I wouldn’t necessarily call it taking a political stance when featuring film programs, such as the selection of Armenian films or looking at the American independent or alternative documentary scene; it is more our wish to further explore filmmaking experiences of these or other countries or parts of the world. We’ve done Poland and Palestine, as well as all five Nordic countries. Croatia also. We’re primarily a documentary festival and many documentaries are in one way or another political, so one can not shy away from it really. We’re not sure if and how this influences our standing among the international presence in our country; we like to believe that the quality of our program, both that of film and music and some other stuff we do, is what matters most.

The documentary form in itself allows for a more raw and unfiltered view of society – and your festival focuses heavily on documentaries. How has this shaped your position as organizers, and how do you think it has shaped the views of those who see the films at your festival?

The documentary form does indeed allow for the views of society that you’re mentioning, in addition to many more and that’s probably why we like documentaries so much and why we like to share them with our audience. Since documentaries can sometimes really change something we hope they shape the views of many who watch them at our festival and beyond.

DokuFest has a strong music program – both including musical acts and music-themed documentaries. How is this shaped and what importance do you place on the role of music and musicians in shaping society?

Well, as a festival that was devoted to the theme of Punk and Protest one year and as a festival with many different music freaks, we need to have a strong music program, don’t we? 🙂 But don’t think that role of the music and musicians in shaping society is that important here!

The “Balkan Dox” category is the only of its kind amongst festivals in the Balkans. What led to the creation of this category, and what do you hope to promote?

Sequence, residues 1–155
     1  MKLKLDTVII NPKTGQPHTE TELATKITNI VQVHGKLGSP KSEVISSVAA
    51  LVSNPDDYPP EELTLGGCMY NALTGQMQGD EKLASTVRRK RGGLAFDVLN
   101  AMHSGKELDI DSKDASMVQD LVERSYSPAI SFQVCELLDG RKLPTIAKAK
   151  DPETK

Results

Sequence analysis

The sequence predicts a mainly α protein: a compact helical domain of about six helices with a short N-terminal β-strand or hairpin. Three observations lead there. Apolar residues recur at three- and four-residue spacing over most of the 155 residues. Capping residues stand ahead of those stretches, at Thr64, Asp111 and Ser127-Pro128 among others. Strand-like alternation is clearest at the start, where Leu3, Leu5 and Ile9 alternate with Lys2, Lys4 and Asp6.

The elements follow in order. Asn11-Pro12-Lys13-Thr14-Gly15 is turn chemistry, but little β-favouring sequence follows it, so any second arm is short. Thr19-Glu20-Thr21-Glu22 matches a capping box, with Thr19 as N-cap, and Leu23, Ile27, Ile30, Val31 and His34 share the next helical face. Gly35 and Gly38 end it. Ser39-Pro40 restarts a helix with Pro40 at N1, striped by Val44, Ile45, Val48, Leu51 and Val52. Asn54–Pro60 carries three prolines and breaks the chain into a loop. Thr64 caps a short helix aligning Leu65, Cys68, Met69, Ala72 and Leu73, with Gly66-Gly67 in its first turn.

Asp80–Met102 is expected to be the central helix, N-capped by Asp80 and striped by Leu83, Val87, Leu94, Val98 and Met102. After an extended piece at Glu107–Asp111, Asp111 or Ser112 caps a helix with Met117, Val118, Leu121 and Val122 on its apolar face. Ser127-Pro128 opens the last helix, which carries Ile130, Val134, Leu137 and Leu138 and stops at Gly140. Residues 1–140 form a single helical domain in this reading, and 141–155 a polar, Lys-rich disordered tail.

Indeed, the Balkan Dox competition section is probably the only one like it among the festivals in the Balkans. It was a logical move when we decided to start it and was also a result of our increasing interest in the filmmaking of neighboring countries with whom we have a shared history, often troubled.

We’re trying to promote the best in documentary film in the Balkans and to encourage collaboration between filmmakers and producers from the entire region.

Do you think that festivals like yours, and the following and support they receive, can generate sustainable change in society?

I think that festivals like DokuFest can help generate change in society, as small as it may be at the moment. I also think that cultural events like DokuFest should receive much more support from institutions and that institutions should embrace events that can generate change. Change is nothing to be afraid of.

DokuFest, International Documentary and Short Film Festival, is the largest film festival in Kosovo. Each year the festival fills the cinemas and improvised screening venues around historic city center of Prizren with a selection of more than 200 hand picked films from around the world. The festival is known for its lively atmosphere, the amazing enthusiasm that grasps the city and its people and also for more than 150 volunteers working for the festival. Documentary photo exhibitions, debates, master classes and lively music events are also part of the festival.

Cover photo credit: Katarina/flickr/some rights reserved
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Balkanist is an experimental, occasionally bilingual platform featuring politics, analysis, culture, and criticism for a smart international audience underwhelmed by what is currently on offer. Our aim is to provide bold, uncompromising coverage of the Balkan region and everything to its East.